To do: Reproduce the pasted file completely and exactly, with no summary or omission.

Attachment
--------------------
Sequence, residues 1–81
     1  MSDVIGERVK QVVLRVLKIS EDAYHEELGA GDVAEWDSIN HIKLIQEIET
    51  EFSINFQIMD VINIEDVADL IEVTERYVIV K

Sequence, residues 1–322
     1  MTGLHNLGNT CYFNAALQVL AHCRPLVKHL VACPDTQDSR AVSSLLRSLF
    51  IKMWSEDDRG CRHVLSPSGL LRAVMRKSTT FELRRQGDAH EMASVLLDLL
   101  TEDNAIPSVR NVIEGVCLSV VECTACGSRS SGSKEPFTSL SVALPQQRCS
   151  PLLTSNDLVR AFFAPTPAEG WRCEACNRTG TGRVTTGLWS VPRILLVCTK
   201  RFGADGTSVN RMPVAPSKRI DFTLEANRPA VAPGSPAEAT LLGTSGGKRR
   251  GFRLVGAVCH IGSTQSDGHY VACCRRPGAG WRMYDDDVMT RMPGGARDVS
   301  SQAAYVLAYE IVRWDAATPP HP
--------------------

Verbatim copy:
Sequence, residues 1–81
     1  MSDVIGERVK QVVLRVLKIS EDAYHEELGA GDVAEWDSIN HIKLIQEIET
    51  EFSINFQIMD VINIEDVADL IEVTERYVIV K

Sequence, residues 1–322
     1  MTGLHNLGNT CYFNAALQVL AHCRPLVKHL VACPDTQDSR AVSSLLRSLF
    51  IKMWSEDDRG CRHVLSPSGL LRAVMRKSTT FELRRQGDAH EMASVLLDLL
   101  TEDNAIPSVR NVIEGVCLSV VECTACGSRS SGSKEPFTSL SVALPQQRCS
   151  PLLTSNDLVR AFFAPTPAEG WRCEACNRTG TGRVTTGLWS VPRILLVCTK
   201  RFGADGTSVN RMPVAPSKRI DFTLEANRPA VAPGSPAEAT LLGTSGGKRR
   251  GFRLVGAVCH IGSTQSDGHY VACCRRPGAG WRMYDDDVMT RMPGGARDVS
   301  SQAAYVLAYE IVRWDAATPP HP